For his conduct in the case, the Kentucky Supreme Court permanently disbarred Chesley in 2013, and Ohio in turn disbarred Chesley. Before he was disbarred, he was the president and sole shareholder of the law firm Waite, Schneider, Bayless & Chesley (WSBC). A month after his disbarment, Chesley drafted a windup agreement to shut the law firm and transferred the shares of WSBC to Thomas Rehme to hold for the purpose of conducting the winding up operations.
In 2015, a Kentucky judge ordered Chesley to transfer his interest in the WSBC shares from the trust he set up with Rehme to pay $42 million to the former clients. Chesley did not transfer the shares.
In 2016, Rehme incorporated the trust into a for-profit corporation. Two days later, he transferred all the WBSC shares into the new corporation. The corporation then attempted to assign all the WSBC shares to Eric Goering, who was named the representative of WSBC assigned to pay the bills associated with closing the shuttered law firm. Rehme filed the ABC action in probate court to move the money from the trust to Goering.
In April 2017, the former clients requested that Judge Winkler dismiss the case, which he denied. The clients then asked the Ohio Supreme Court for the writ of prohibition to prevent Judge Winkler from proceeding with the case. Judge Winkler and Goering responded asking the Supreme Court to refuse the writ and allow the case to proceed.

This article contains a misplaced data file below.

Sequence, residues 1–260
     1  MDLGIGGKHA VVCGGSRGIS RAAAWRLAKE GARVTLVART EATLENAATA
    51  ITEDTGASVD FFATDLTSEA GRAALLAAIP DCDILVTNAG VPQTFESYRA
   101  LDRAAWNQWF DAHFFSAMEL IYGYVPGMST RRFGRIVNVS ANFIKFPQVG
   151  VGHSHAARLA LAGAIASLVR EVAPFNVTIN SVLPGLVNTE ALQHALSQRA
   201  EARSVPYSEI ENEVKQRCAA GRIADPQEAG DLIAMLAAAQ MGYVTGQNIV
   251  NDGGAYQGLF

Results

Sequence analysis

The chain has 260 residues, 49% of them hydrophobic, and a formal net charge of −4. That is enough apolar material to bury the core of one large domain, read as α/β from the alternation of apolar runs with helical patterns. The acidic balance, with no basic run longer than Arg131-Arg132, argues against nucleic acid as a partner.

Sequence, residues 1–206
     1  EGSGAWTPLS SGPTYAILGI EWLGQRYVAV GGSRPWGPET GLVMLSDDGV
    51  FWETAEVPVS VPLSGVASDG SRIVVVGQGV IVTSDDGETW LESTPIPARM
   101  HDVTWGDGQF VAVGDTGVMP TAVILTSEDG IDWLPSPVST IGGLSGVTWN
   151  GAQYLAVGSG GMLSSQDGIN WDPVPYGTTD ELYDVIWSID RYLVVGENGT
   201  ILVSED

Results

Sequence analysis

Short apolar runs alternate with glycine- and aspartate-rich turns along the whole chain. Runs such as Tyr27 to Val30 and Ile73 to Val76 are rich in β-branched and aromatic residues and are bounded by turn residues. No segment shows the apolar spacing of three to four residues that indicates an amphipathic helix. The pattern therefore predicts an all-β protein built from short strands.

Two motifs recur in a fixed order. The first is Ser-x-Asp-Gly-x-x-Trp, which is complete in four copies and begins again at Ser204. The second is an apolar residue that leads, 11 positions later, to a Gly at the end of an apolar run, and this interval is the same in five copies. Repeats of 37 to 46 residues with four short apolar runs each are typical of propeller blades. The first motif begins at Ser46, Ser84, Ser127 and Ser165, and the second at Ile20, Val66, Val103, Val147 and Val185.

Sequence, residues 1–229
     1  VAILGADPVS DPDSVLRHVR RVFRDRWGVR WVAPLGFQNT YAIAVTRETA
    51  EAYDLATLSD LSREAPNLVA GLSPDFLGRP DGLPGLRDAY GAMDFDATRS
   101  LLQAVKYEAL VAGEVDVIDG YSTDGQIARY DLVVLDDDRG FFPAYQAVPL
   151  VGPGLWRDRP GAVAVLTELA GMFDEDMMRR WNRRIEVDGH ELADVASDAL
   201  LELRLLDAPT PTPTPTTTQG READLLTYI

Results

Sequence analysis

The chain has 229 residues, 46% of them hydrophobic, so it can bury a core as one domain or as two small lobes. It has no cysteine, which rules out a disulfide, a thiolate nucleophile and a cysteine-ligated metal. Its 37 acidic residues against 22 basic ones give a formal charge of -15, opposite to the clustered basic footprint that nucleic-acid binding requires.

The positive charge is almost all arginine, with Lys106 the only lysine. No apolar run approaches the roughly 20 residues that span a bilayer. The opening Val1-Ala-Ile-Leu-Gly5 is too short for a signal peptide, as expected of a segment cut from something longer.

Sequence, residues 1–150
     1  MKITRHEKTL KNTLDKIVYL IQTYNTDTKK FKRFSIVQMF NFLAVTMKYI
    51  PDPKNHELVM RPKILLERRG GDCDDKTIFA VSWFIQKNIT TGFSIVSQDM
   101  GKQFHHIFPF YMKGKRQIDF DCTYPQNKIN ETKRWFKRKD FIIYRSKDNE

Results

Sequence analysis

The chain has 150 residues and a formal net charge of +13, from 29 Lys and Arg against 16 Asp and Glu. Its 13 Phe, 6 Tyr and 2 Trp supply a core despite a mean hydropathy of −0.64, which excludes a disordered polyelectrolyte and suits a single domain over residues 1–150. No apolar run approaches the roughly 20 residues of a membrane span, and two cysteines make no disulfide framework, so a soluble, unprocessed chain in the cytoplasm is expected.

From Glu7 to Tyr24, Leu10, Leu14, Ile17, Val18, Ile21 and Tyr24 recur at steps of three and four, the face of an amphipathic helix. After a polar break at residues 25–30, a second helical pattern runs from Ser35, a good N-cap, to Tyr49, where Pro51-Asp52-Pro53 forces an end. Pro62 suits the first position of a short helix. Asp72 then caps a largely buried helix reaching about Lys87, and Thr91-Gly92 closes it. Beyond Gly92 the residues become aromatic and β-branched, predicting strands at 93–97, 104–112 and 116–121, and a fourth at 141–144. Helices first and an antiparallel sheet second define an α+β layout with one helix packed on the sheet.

Probate Court Has Jurisdiction
The Court explained that to grant a writ of prohibition, a court must be about to exercise its power, the court must lack the authority to exercise the power, and the requester of the writ must have no other adequate remedy if the court acts.
The opinion noted that Judge Winkler was about to act by considering the ABC, and the Court agreed that the judge had the authority to take action. It stated R.C. Chapter 1313 gives the probate court jurisdiction over voluntary assignments of benefits of creditors, which is what Rehme was seeking. And the Court found that the former clients do have the remedy of appealing any ruling a probate judge makes in an ABC action.
The creditors argued that Judge Winkler does not have the authority to act because a Kentucky judge has already declared the wind-up agreement and the movement of WSBC funds from the law firm to Rehme “a sham.” They also argued that allowing Rehme to convert the shares of WSBC into money to give to Goering would violate the full faith and credit clause of the U.S. Constitution because a Kentucky court already ordered the WSBC money be used to pay the former clients.